Passive Design Designing the building and the spaces within it to benefit from natural light, ventilation and even temperatures.
History[ edit ] Bo Adamsonco-originator of the passive house concept. Wolfgang Feistco-originator of the passive house concept, and founder of the ' Passivhaus Institut ' in Germany.
Much of the early 'Passive Houses' were based on research and the experience of North American builders during the s,  who—in response to the oil embargo—sought to build homes that used very little or no energy.
These designs often utilized the sun as a heat source and the term 'passive house' was possibly derived from the passive solar features of these houses, such as the Saskatchewan Conservation House and the Leger House in Pepperell, Massachusetts.
First examples[ edit ] The eventual construction of four row houses terraced houses or town homes was designed for four private clients by the architectural firm Bott, Ridder and Westermeyer.
The first Passivhaus residences were built in Darmstadt inand occupied by the clients the following year. Further implementation and councils[ edit ] In Septemberthe Passivhaus-Institut was founded in Darmstadt to promote and control Passivhaus standards.
This group developed the planning Passive design solutions and initiated the production of the innovative components that had been used, notably the Passive design solutions and the high-efficiency ventilation systems. Meanwhile, further passive houses were built in StuttgartNaumburg, HesseWiesbadenand Cologne In the United States, the concept of passive design was first implemented by Katrin Klingenberg in when she built a passive home prototype named "The Smith House" in Urbana, Illinois .
From here, she and builder Mike Kernagis co-founded the e-cological Construction Laboratory e-colab in to further explore the feasibility of affordable passive design.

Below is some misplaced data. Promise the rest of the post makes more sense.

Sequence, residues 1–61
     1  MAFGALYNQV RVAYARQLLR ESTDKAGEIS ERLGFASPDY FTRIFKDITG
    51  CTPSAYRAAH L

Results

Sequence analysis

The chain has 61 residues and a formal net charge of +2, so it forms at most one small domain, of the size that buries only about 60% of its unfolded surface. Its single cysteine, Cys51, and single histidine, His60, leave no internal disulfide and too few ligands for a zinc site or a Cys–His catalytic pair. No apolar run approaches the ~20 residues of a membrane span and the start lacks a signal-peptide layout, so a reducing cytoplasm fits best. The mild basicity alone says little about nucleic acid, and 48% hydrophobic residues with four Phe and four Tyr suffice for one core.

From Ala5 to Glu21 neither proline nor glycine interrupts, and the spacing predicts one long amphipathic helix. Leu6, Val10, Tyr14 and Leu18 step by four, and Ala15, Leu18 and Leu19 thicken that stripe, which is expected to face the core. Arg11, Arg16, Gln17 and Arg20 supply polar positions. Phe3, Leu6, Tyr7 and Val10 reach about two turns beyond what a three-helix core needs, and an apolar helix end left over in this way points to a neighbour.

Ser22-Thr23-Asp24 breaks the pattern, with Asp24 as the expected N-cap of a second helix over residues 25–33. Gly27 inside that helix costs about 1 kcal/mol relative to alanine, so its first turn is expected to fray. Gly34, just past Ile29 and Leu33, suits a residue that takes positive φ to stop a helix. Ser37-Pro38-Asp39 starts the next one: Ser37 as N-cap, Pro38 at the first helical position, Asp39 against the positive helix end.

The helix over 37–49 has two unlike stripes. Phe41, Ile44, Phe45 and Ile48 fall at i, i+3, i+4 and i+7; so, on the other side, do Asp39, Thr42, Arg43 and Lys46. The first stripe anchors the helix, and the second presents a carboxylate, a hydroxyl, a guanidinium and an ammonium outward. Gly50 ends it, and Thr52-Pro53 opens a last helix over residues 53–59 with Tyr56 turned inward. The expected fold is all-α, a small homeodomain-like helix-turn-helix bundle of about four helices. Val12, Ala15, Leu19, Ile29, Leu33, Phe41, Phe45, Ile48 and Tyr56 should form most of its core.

The house was called 'Out of the Blue'. Upon completion, Tomas moved into the building. Standards[ edit ] The dark colours on this thermogram of a Passive house, at right, shows how little heat is escaping compared to a traditional building to the left.
While some techniques and technologies were specifically developed for the Passive House standard, others, such as superinsulationalready existed, and the concept of passive solar building design dates back to antiquity.
There was other previous experience with low-energy building standards, notably the German Niedrigenergiehaus low-energy house standard, as well as from buildings constructed to the demanding energy codes of Sweden and Denmark.
The German Passivhaus Standard[ edit ] The Passivhaus standard requires that the building fulfills the following requirements: Total primary energy source energy for electricity, etc.
The building must not leak more air than 0. These standards are much higher than houses built to most normal building codes. For comparisons, see the international comparisons section below. National partners within the 'consortium for the Promotion of European Passive Houses' are thought to have some flexibility to adapt these limits locally.
While this is an underlying objective of the Passivhaus standard, some type of heating will still be required and most Passivhaus buildings do include a system to provide supplemental space heating. This is normally distributed through the low-volume heat recovery ventilation system that is required to maintain air quality, rather than by a conventional hydronic or high-volume forced-air heating system, as described in the space heating section below.
Different from its German counterpart, this standard uses climate data sets to determine specific building performance criteria for different regions.